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25 February 2022

The rise of Fortress Russia

Russia’s international currency reserves now exceed its foreign debt, leaving it better prepared for the impact of sanctions.

By Ben Walker

In 2014, when Russia illegally occupied Crimea and fomented rebellion in Ukraine’s Donbas region, it had more foreign debt than international currency reserves.

At that point, Western sanctions helped push the Russian economy into recession with GDP falling by 3 per cent in 2015.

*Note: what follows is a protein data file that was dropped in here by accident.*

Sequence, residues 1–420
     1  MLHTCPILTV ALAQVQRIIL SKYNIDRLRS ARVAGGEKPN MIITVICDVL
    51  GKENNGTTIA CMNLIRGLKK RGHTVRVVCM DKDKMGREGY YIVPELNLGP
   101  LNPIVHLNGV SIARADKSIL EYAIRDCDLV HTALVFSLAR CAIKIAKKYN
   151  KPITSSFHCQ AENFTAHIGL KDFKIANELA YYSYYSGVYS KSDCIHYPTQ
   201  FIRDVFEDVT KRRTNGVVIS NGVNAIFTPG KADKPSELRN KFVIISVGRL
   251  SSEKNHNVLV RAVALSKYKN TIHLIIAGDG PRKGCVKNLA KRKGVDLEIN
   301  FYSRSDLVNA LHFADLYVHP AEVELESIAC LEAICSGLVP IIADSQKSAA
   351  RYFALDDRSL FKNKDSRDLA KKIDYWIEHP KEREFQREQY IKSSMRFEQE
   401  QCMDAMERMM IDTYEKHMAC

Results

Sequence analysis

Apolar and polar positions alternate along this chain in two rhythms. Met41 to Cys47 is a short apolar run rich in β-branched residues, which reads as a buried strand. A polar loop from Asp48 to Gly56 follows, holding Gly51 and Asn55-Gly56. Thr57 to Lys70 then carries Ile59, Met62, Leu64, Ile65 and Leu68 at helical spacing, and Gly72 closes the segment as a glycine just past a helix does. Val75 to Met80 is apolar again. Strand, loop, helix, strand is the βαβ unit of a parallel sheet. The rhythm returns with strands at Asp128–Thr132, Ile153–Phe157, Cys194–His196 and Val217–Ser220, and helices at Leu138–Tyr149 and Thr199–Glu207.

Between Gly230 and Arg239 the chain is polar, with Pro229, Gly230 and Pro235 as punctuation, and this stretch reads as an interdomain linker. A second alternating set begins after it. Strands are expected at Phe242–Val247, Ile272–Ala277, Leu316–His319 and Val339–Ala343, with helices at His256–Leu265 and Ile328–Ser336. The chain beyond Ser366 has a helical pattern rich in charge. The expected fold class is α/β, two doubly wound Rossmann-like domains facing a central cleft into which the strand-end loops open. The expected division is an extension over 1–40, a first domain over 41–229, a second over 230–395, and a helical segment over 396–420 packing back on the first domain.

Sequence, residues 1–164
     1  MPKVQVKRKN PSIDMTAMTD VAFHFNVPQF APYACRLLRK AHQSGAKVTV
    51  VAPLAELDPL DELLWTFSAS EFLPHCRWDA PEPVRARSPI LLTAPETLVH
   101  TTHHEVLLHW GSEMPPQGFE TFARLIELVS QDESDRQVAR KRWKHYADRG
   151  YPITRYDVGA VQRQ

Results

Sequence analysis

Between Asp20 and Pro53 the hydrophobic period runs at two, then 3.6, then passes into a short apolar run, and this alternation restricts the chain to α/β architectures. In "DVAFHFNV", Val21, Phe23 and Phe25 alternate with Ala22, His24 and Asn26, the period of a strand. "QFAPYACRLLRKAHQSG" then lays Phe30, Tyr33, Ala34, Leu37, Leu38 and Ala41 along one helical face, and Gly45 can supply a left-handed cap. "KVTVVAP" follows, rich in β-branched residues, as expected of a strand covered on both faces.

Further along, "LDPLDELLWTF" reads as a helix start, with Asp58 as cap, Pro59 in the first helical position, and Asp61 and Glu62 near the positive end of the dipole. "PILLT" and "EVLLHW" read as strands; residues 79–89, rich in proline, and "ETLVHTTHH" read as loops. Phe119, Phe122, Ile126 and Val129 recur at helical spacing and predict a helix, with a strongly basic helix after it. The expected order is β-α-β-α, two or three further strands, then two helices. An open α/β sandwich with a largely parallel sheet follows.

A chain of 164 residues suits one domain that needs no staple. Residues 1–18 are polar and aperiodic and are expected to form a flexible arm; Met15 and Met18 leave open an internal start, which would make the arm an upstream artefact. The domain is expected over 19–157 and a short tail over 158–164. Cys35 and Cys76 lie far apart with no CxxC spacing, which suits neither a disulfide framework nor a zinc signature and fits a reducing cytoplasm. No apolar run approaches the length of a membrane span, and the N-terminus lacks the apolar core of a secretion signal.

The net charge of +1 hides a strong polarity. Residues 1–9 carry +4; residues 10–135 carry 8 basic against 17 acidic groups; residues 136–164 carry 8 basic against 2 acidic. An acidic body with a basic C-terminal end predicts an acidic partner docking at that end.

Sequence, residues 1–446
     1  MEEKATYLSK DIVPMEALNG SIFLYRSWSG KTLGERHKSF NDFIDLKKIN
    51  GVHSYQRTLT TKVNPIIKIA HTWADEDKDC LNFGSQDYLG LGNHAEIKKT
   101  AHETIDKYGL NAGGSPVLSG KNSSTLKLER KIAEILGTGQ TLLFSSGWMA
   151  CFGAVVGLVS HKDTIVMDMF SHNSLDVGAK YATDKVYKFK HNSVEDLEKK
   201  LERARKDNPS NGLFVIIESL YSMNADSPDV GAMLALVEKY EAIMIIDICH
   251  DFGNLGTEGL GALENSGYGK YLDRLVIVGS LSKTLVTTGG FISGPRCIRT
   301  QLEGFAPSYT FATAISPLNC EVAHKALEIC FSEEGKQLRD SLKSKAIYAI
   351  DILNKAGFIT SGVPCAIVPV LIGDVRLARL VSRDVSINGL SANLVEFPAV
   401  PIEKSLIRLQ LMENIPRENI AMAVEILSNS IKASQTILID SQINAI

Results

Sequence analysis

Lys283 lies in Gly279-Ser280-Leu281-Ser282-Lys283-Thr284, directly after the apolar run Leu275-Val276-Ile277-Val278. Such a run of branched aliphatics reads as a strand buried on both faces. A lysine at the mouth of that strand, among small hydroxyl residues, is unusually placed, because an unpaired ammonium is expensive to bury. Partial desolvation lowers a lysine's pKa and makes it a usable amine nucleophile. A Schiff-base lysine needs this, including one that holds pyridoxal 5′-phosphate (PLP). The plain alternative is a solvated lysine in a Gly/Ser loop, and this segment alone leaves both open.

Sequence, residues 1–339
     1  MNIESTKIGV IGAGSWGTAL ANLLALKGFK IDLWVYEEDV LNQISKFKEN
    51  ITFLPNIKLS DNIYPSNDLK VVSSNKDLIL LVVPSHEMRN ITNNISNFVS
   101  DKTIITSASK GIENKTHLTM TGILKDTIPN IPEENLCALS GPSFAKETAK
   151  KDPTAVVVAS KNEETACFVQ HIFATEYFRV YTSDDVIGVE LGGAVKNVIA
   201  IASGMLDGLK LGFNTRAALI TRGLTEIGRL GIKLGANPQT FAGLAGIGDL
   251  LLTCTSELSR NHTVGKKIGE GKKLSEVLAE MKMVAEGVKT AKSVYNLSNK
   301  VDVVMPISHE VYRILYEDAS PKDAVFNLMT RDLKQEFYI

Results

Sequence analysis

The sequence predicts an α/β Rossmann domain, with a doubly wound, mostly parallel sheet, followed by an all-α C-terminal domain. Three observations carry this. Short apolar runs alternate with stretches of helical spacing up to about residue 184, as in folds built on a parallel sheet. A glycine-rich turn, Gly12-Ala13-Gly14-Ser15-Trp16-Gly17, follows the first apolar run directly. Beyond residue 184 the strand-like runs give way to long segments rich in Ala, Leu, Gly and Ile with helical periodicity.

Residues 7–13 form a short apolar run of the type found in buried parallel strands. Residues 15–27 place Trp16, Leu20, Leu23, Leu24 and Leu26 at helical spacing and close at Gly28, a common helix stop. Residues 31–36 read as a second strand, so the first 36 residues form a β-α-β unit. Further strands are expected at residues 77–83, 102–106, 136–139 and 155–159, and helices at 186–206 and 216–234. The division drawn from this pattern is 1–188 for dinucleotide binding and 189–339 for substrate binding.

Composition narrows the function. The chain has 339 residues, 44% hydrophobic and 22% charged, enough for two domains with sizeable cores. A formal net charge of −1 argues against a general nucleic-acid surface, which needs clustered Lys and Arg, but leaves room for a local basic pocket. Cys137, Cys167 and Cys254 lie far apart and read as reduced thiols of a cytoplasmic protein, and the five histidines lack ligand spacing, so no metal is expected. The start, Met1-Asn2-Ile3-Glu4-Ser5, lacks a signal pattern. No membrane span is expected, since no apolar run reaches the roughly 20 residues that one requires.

Since then, however, the country has sought to insulate itself from future sanctions by fattening its currency reserves while reducing foreign debt.

The end product is a nation better prepared for sanctions than before. Since 2019, the value of Russia’s international reserves has exceeded its overall foreign debt.

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